Articles by date

23 September 2018

Former Google CEO predicts the internet will split in two - and one part will be led by China (CSNBC)

Eric Schmidt, who has been the CEO of Google and executive chairman of its parent company, Alphabet, predicts that within the next decade there will be two distinct internets: one led by the U.S. and the other by China.

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E.U. justice commissioner quits Facebook, describing her experience as 'channel of dirt' (Washington Post)

The European Commissioner for justice, consumers and gender equality shut down her Facebook account, describing her experience on the social network as a “channel of dirt.”

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Smart Policies for Harnessing AI (OECD)

The global reach of AI requires a global approach. The OECD is engaged in a wide-ranging discussion on AI with its member countries and beyond, representatives of business, the technical community, labour and civil society and other international organisations. A key outcome of these discussions is the creation of an OECD expert group on artificial intelligence.

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Pirate Sites Not Major Malware Risk After (Forbes)

Copyright-infringing websites and streaming services aren't a major source of malware, a new EU report has concluded.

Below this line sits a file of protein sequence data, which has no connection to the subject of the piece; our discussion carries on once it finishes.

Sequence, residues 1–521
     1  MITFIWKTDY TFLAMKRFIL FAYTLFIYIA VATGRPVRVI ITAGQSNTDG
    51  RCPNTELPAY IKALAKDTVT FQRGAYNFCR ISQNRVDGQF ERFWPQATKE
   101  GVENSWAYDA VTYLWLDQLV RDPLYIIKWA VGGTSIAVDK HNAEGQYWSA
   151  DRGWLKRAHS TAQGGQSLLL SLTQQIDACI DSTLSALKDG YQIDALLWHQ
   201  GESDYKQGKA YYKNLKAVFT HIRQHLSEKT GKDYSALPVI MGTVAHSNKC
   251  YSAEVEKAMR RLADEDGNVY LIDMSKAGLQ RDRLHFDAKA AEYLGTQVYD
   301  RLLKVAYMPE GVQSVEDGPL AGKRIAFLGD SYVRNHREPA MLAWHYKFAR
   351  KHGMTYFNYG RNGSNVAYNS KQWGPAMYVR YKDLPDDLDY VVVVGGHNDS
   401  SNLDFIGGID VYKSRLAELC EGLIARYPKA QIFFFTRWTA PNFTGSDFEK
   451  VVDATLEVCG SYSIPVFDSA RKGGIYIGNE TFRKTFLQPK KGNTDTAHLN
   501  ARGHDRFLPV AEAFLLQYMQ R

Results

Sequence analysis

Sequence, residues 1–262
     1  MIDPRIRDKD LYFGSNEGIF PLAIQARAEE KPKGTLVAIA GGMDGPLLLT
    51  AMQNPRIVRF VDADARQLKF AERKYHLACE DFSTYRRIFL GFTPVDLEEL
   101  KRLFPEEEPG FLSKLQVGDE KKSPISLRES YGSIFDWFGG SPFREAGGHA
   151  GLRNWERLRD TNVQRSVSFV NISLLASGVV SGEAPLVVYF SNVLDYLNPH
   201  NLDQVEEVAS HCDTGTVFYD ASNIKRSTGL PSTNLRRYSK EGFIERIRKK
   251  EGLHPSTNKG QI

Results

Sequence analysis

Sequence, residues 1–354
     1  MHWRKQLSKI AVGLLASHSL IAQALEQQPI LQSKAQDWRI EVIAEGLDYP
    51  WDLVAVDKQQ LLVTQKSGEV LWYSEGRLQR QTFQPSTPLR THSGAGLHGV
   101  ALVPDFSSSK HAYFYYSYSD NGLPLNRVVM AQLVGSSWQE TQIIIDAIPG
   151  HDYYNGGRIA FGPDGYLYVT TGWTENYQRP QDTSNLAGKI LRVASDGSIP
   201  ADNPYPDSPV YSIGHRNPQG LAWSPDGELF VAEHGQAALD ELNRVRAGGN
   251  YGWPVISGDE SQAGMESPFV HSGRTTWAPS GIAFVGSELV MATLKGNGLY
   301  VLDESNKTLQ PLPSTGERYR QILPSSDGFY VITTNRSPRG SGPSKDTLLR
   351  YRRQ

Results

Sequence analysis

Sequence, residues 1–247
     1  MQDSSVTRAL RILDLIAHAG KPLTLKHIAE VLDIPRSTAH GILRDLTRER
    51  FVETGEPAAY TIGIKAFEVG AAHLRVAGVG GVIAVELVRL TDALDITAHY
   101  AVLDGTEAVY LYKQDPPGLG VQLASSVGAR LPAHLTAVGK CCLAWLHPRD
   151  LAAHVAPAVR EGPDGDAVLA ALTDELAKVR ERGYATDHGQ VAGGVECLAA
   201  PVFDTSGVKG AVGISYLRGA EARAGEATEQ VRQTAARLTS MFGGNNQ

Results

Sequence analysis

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Internet regulator considered for UK (BBC News)

The UK government is considering "all options", including a regulator, as part of new legislation governing the internet.

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ICANN Approves Plans To Change DNS's Cryptographic Keys For First Time

After 2 delays, ICANN is now set to change of the cryptographic key that helps protect the Domain Name System (DNS) - the Internet's address book - on 11 October. During a 16 September meeting in Belgium, the ICANN Board passed a resolution, with a minority dissent, directing to proceed with plans to change or "roll" the key for the DNS root. It will mark the first time the key has been changed since it was first put in use in 2010.

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20 September 2018

IEDR Report Highlights Barriers to Irish SMEs Getting Online

IE Domain Registry’s SME Digital Health Index, published this week, found 2 of the biggest barriers to SMEs doing more online are a lack of time (with 24% reporting as a barrier) and a lack of the technical skills (11%) perceived as necessary to build a website, integrate e-commerce, or make use of productivity or analytics software. A quarter (25%) say that they are ‘doing all they can’ online—even though only 3 in 10 SMEs can take sales orders through their website.

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INTERPOL-Europol conference calls for global response to cybercrime (Europol)

Cyber experts from law enforcement, the private sector and academia have gathered in Singapore this week to devise strategies for promoting the global cybersecurity agenda.

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15 ways you could be the next victim of cybercrime (Europol)

Cybercriminals are adopting creative new techniques to target their victims at an unprecedented pace and are constantly seeking methods to avoid law enforcement detection. To stay ahead of them, law enforcement should target cybercriminals offering “off-the-shelf” cyber-attack services or products to make it more difficult for low-level cybercriminals to carry out high-level attacks.